Warning: Certain Smells May Make You a Dangerous Driver (Really!)
The sense of smell has a remarkable ability to conjure up memories, change our mood -- even affect our ability to concentrate. But even more than that, smells have a unique link directly to our emotions.
Think of a "good" smell (fresh baked cookies or bread, fresh-cut flowers, etc.) and chances are that you start to feel a boost in your mood. Then think of a "bad" smell (pollution, rotten meat, etc.) and the opposite is likely to occur.
This is because, "No other sensory system has direct access to the amygdala--the emotional center of your brain," says Rachel Herz of the Chemical Senses Center in Philadelphia. "Memories brought back by odors are experienced in a much more emotionally potent way than those from other sensory cues. In a most basic and primitive way, smells tell us what to approach and what to avoid."
What makes a safe driver? According to the RAC Foundation, the smells in your car may make all the difference.
But would you believe that smells not only have the power to affect our moods, they have the power to affect our behaviors as well?
Roll Down the Windows, Something Stinks!
The British RAC Foundation, a motoring organization, conducted research into the relationship between smells and driving after an odor study by Bryan Raudenbush of the Wheeling Jesuit University in West Virginia was released. They found that smells have a major effect on the way we drive.
Said Sue Nicholson, head of campaigns for the RAC Foundation, "It's astounding how much the smell in a car can affect a driver's mood and actions. Smell is a very powerful sense and could result in a lack of concentration or over-reaction to minor irritations on the road--which can turn into potentially life threatening incidents."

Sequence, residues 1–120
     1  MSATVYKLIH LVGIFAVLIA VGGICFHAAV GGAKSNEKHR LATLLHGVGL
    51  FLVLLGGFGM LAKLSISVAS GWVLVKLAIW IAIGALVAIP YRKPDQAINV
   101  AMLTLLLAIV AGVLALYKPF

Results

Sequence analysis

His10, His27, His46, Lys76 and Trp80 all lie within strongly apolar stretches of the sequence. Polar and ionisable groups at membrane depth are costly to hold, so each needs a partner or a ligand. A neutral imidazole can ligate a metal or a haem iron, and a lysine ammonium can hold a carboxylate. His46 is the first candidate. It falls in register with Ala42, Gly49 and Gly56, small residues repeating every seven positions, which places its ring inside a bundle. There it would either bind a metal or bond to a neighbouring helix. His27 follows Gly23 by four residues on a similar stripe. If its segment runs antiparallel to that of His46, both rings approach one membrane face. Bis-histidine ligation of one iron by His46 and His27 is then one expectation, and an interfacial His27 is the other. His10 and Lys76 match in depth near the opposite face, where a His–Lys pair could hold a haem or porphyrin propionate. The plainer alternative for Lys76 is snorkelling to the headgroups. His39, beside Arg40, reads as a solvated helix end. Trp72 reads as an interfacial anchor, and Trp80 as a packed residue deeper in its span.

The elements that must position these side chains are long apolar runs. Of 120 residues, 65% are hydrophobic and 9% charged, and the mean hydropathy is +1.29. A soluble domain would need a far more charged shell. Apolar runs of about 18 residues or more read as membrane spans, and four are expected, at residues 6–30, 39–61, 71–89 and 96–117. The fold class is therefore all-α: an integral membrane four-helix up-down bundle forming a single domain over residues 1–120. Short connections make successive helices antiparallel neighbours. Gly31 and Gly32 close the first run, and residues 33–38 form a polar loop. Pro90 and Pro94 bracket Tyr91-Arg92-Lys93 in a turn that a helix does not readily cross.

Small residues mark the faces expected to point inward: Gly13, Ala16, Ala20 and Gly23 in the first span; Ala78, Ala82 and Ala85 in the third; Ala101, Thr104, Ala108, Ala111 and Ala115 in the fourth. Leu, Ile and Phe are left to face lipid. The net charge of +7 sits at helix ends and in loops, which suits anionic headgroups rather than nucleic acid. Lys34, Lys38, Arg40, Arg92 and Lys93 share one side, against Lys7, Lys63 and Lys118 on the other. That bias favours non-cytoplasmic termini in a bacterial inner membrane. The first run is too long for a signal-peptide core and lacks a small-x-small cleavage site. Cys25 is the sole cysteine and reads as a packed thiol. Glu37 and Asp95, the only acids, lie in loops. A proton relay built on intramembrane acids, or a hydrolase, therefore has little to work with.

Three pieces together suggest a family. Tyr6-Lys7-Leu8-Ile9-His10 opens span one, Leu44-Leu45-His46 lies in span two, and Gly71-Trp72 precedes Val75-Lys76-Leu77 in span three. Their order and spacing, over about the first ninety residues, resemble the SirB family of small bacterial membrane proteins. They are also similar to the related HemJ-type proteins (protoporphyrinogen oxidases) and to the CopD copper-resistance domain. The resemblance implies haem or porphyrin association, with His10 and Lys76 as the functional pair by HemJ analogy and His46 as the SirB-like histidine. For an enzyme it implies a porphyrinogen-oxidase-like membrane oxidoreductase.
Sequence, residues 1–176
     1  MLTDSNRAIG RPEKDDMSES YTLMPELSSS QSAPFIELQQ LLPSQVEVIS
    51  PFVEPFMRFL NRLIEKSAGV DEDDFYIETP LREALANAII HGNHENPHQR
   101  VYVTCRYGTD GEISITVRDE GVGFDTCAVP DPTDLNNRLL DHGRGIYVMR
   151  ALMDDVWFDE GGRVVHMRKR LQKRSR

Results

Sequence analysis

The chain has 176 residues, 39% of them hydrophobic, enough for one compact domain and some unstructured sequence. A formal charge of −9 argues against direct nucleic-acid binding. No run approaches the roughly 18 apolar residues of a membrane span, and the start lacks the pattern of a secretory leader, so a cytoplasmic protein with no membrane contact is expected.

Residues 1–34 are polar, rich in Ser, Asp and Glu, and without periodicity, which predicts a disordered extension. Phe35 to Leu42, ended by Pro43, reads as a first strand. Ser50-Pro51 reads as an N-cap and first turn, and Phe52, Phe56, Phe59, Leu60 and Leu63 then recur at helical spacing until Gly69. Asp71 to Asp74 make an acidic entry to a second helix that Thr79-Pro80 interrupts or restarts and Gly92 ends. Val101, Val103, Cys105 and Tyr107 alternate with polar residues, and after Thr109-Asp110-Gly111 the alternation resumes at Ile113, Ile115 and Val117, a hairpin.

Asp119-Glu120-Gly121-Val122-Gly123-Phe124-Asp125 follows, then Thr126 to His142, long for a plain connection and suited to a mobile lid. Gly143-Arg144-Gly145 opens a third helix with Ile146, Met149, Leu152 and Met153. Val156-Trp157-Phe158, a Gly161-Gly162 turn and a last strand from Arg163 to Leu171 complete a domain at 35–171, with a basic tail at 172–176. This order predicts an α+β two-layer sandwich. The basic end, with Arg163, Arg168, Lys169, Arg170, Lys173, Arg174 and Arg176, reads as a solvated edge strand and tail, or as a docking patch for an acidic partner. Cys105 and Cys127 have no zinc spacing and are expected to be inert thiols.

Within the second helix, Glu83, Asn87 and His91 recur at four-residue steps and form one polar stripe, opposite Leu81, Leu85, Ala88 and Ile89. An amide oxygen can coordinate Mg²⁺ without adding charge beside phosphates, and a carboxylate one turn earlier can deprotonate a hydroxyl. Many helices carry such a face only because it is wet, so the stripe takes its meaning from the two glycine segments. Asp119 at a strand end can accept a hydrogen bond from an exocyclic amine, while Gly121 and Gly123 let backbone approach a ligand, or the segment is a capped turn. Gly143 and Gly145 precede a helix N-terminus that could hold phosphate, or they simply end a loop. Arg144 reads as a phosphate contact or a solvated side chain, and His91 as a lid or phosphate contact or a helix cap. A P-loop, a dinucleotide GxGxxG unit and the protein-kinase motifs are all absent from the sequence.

In fact, the "right" smell in a car can help the driver:
But, get a whiff of the "wrong" smell, and the driver may be compelled to:
Conrad King, the RAC Foundation's consultant psychologist, had this to say:
"More than any other sense, the sense of smell circumnavigates the logical part of the brain and acts on the limbic and emotional systems. This is why the smell of perfume can turn men into gibbering idiots, the smell of baking bread can destroy the best intentions of a dieter and the smell of baby powder can make a child-averse individual become quite broody ... When we bring cars into the equation, however, the ability of various smells to over or under stimulate us as drivers can have catastrophic results."
Would You Recognize Your Car's Smell?
Ever notice how you can no longer smell your own perfume or aftershave a few minutes after you put it on? Or how people with body odor never seem to notice they have it? These things happen because of a phenomenon called "nose fatigue." No matter how bad or good the smell, after awhile your nasal receptor cells get "numb" to the constant stimulation and stop sending messages to your brain. The result is that, at least for the time being, you can no longer smell that particular scent.